Sean Mcglynn

Henry VIII’s windfall from the monasteries was shockingly short-term

James Clark reveals that the treasure seized from the monks was soon squandered on useless fortifications

Henry VIII monk- hunting by John Leech, 1850. [Alamy]

In 1536 there were 850 monastic houses in England and Wales; just four years later they were all gone. The romantic remains of many of them still grace our landscape, Shakespeare’s ‘bare ruin’d choirs’ receiving more visitors today than the living communities did half a millennium ago. Now these visitors are primarily tourists and heritage lovers; then they were pilgrims, travellers, businessmen and, of course, those who toiled spiritually as servants of the Church, some more conscientiously than others. Monasteries were huge physically, commercially and spiritually; ‘they were never only scenery,’ declares James Clark in his new book: ‘Their profile defined not only a locality but sometimes a whole region.’ And they were ubiquitous. Diarmaid MacCulloch claims that no one in England was more than 30 minutes’ walk from a monastic institution. Their disappearance constitutes one of the greatest revolutions in English history.

Yet there are surprisingly few books devoted to the drama. This is where Clark’s epic work fills the gap for a modern readership: he provides a massive account, the first dedicated one in half a century, which, unfortunately for many historians, will mean that an additional such book will hardly be needed again for another 50 years.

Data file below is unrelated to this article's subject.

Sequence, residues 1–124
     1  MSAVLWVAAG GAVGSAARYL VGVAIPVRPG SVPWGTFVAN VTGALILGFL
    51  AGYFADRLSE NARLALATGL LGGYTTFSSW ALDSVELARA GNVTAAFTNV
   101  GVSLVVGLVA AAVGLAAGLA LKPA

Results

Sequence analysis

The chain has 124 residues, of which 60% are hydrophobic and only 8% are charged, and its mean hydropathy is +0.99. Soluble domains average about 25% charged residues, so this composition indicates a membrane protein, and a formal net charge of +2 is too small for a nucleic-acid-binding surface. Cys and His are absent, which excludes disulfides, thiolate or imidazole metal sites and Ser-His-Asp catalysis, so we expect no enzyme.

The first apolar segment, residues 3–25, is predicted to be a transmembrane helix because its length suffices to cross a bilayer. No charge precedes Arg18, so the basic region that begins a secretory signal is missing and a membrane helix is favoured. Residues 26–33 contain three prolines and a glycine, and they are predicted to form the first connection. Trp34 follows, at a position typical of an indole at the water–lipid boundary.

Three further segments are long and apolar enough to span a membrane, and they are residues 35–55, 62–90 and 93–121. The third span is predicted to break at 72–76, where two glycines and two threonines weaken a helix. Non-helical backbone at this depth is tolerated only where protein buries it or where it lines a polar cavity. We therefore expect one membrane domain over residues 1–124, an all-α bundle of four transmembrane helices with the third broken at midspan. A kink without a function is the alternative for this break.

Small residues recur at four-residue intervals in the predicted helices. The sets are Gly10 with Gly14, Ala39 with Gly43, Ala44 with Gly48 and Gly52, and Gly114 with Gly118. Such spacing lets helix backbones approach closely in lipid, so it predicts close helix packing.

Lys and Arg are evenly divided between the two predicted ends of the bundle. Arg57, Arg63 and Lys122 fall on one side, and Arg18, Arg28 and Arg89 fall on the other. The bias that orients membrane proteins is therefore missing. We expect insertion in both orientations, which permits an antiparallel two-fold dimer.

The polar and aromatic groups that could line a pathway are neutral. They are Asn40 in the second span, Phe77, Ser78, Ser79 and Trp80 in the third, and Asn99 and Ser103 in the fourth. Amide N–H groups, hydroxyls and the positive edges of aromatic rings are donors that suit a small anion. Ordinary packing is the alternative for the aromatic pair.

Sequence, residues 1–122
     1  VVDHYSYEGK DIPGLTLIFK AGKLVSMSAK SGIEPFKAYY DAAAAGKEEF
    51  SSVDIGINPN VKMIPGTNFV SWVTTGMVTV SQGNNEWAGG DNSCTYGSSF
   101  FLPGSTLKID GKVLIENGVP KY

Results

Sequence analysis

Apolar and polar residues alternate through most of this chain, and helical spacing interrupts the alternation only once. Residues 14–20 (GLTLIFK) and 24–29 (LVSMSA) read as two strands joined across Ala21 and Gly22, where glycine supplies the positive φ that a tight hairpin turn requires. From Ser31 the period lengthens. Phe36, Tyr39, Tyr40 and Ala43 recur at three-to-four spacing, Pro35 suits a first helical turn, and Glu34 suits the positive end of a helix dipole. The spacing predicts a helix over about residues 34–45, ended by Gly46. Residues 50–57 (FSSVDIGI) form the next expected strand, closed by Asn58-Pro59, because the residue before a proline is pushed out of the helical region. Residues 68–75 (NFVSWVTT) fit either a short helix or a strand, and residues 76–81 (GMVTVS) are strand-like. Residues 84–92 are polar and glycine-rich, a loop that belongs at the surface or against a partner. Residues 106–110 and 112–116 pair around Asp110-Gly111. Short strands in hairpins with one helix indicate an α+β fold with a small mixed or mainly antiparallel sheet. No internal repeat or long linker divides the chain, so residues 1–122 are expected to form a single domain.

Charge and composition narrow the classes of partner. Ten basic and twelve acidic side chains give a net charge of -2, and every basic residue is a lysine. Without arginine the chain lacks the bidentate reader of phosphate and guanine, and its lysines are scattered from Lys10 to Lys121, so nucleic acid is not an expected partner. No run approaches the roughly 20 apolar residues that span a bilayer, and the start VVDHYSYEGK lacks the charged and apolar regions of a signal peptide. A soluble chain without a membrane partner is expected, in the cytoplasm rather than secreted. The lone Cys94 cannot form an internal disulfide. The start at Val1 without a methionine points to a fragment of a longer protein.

Much of the windfall from the monasteries was spent on defensive forts which were easily circumvented

Henry VIII is once more, rightly, marked as the man behind the dissolution. ‘His will commanded’ his arch enforcer Thomas Cromwell, ‘who just happened to prove an able, faithful and, above all, tireless officer of the Crown.’ They might have been English revolutionaries, but when it came to dissolving monasteries they were copycats, emulating events in reformist Europe. Indeed, there was nothing at all new about dissolving monasteries: it was a regular action of Catholic kings, pruning the spiritual garden to keep it in shape. What is spectacular about what happened in England between 1536 and 1540 is that it was so complete, more akin to concreting over the whole garden and being done with it.

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